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Palin spin a dizzying disconnect

If the lineup of Republican presidential hopefuls for 2012 includes soon-to-be former Govs. Tim Pawlenty of Minnesota and Sarah Palin of Alaska, Pawlenty will have an ace up his sleeve during televised debates. When one of those mainstream media types Palin loves to hate asks why she resigned as governor in midterm, Pawlenty will be able to draw the obvious comparison: He did not quit despite his state's budget problems and a hostile Democrat-controlled Legislature. Unlike the Alaskan, the Minnesotan can boast he was able to take the heat in the political kitchen.

Palin's fans have been spinning her surprise resignation until even they are dizzy with hypocrisy. They believe the darling of the shrinking Republican conservative base can do no wrong. But the fading glow of a falling star must be little comfort.

To be sure, Palin is still a star, but not necessarily the sort of star who can win a national election. The fact that some in the Republican Party still cling to the fiction that she is the party's savior indicates just how desperate the party is to find viable candidates. As Sen. John McCain's running mate in 2008, Palin certainly energized true believers at the Republican National Convention. But when it counted -- when Americans voted on Election Day -- Palin did not appeal to the vast middle that determines the outcome of elections. Strident, flippant and grammatically challenged, she was a sideshow -- part self-made, part created by the McCain camp. The GOP ticket, which had other problems as well, was unable to sustain the Palin-inspired post-convention bounce.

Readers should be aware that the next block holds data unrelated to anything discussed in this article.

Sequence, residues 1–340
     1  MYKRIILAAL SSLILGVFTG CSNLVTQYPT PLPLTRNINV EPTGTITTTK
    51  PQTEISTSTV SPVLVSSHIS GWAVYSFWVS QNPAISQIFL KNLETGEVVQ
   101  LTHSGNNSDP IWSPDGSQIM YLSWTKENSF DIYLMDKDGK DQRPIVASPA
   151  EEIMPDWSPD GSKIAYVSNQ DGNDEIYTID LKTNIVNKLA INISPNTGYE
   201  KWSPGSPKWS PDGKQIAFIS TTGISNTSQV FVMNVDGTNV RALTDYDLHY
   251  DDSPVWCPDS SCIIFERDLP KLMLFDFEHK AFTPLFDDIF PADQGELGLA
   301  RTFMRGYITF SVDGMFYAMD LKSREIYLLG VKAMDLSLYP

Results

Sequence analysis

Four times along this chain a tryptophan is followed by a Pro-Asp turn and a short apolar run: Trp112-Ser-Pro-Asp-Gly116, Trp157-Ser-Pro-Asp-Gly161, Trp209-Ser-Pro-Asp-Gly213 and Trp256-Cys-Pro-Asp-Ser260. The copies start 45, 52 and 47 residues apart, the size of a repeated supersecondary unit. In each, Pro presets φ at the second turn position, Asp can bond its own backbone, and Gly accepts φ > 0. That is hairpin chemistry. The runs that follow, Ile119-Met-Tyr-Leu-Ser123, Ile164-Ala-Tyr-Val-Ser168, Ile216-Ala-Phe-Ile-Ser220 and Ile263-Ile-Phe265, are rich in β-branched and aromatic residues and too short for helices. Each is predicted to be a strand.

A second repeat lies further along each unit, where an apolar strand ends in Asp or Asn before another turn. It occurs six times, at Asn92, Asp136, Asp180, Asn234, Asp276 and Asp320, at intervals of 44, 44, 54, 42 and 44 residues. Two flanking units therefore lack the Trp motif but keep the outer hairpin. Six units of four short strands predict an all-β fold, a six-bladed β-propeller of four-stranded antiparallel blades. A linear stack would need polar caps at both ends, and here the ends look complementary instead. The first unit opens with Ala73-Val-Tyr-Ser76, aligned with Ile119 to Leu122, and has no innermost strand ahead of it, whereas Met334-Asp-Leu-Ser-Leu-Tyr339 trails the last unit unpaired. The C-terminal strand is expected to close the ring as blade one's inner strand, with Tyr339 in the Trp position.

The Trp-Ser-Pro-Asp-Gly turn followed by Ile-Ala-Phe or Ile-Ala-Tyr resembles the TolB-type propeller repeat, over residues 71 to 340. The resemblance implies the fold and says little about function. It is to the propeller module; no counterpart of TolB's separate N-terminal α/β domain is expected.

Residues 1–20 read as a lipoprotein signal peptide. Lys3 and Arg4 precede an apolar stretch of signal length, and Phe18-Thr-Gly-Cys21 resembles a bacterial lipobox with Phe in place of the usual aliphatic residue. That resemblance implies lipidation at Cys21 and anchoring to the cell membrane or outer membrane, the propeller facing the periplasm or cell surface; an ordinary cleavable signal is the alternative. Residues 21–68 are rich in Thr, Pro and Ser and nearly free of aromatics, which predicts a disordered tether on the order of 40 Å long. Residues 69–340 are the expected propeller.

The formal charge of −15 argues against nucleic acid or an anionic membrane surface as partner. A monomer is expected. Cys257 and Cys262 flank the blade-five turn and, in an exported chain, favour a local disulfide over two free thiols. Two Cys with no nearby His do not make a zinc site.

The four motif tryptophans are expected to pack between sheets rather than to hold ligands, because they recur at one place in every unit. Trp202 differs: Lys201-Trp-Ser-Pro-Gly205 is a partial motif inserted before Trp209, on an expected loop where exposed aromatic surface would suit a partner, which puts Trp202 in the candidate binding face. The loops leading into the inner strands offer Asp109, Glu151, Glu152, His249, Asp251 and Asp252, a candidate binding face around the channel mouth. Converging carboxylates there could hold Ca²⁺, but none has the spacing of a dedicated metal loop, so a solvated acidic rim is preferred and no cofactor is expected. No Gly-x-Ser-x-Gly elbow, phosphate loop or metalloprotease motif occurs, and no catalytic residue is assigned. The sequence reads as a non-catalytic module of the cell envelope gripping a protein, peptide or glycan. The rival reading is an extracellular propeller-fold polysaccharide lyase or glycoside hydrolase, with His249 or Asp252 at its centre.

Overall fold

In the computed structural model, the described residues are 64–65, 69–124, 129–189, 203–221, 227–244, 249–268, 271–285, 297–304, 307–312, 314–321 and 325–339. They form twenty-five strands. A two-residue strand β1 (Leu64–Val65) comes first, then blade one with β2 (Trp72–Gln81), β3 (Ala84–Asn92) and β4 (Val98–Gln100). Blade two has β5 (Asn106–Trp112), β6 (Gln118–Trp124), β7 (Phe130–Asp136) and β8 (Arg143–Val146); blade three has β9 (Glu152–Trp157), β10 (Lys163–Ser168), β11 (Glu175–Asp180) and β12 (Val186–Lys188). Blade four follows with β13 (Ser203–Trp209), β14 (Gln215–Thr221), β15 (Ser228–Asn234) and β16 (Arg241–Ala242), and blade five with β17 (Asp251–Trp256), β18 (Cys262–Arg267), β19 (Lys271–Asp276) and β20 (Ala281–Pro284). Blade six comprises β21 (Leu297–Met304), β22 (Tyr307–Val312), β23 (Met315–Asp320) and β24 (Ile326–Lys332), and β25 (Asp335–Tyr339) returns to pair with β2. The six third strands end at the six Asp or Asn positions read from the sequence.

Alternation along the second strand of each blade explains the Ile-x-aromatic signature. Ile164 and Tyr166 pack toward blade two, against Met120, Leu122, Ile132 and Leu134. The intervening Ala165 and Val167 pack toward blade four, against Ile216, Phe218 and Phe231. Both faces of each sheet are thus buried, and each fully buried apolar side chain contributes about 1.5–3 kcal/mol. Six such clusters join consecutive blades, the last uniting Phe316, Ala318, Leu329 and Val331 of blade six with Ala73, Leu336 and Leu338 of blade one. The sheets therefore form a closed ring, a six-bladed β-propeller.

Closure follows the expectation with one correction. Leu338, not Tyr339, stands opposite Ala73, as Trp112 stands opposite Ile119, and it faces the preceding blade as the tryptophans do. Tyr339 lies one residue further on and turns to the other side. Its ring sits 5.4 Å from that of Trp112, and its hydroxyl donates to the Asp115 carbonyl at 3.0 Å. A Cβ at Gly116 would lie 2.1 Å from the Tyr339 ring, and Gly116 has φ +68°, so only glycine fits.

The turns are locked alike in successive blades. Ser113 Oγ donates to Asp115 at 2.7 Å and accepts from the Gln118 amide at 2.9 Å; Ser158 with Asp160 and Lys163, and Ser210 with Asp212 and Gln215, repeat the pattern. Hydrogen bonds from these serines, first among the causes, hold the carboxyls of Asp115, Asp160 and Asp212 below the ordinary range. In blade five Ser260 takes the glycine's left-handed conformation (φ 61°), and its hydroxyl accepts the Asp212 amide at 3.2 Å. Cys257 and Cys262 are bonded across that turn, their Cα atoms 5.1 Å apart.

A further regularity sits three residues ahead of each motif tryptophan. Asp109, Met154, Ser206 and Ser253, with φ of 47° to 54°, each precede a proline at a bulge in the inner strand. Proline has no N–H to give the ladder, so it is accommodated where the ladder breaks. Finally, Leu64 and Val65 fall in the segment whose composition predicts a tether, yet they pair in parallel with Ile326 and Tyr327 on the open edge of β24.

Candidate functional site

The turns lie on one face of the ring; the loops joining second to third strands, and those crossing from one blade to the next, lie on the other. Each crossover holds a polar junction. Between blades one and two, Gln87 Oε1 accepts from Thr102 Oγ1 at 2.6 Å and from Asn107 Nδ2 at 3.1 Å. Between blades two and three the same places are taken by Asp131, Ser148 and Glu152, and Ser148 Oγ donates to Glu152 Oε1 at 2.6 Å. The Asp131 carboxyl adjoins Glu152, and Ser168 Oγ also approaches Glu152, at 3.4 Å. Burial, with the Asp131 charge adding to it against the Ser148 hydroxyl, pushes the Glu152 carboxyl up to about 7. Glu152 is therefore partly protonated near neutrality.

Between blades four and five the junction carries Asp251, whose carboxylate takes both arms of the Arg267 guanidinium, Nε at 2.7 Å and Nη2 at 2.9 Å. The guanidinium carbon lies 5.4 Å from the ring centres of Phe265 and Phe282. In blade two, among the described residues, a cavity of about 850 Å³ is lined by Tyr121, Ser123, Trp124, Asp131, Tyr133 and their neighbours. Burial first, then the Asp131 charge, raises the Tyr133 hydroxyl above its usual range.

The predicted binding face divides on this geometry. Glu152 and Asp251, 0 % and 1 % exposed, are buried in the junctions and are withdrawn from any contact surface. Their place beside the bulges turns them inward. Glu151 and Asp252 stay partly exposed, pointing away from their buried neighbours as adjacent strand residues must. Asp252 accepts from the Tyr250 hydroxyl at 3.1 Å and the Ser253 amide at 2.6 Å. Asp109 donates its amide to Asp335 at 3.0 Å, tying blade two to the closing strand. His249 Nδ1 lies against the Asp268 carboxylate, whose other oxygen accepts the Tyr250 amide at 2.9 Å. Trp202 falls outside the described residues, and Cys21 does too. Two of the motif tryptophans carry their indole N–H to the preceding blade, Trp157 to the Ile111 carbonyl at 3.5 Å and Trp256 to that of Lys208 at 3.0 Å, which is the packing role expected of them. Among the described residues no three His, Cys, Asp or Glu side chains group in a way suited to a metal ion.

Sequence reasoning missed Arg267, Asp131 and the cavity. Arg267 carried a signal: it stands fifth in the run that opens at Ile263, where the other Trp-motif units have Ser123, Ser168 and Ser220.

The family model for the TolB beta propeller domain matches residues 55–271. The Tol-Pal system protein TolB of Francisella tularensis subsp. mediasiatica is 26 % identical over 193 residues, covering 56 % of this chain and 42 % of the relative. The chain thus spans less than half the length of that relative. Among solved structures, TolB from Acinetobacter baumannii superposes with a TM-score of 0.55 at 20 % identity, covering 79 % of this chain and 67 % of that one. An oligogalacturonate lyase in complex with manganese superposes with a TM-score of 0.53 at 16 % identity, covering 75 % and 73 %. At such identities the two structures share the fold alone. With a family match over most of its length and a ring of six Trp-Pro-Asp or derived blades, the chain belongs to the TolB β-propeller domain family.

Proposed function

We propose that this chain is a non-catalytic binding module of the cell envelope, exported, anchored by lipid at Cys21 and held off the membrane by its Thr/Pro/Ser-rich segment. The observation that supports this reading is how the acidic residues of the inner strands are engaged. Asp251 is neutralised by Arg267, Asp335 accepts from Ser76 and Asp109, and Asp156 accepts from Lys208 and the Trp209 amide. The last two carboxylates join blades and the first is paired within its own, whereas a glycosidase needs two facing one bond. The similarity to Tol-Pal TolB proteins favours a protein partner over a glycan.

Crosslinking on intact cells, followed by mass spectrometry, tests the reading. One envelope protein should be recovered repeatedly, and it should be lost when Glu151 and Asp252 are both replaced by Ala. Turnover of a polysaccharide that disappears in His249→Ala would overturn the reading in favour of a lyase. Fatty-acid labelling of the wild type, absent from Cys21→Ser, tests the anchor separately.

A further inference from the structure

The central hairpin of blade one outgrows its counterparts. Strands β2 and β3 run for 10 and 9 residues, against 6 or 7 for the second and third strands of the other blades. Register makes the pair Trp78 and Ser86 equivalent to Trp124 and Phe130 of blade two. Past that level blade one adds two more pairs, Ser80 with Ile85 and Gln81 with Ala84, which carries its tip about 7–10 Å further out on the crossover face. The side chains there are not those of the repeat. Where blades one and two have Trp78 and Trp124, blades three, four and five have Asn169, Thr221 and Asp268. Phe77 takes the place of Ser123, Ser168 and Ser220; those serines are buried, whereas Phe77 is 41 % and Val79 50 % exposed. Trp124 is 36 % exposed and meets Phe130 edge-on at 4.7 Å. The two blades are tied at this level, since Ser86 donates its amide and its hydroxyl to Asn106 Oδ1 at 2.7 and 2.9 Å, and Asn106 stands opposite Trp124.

Quitting for the reasons she clumsily listed suggests she is the lightweight her critics say she is. There are several governors on the Republican presidential hopeful list, none of whom can be characterized as quitters:

Mitt Romney took brickbats in Massachusetts from his own party for health insurance reform. Mike Huckabee of Arkansas was savaged for pushing through education reforms. Charlie Crist of Florida has been the target of furious attacks from the right because of hurricane insurance reforms. Bobby Jindal of Louisiana did not skedaddle to the high grass because of a storm of criticism over a partisan speech that was little more than rambling boilerplate. And Minnesota's Pawlenty has stood his ground despite bipartisan attacks on his gutsy decision to "unallot" appropriations because of the state's budget crisis. None quit in mid-term. All are viable presidential candidates for 2012.

Any one of those governors and former governors would jump at the chance to debate a vacuous quitter during the presidential primaries. -- The Forum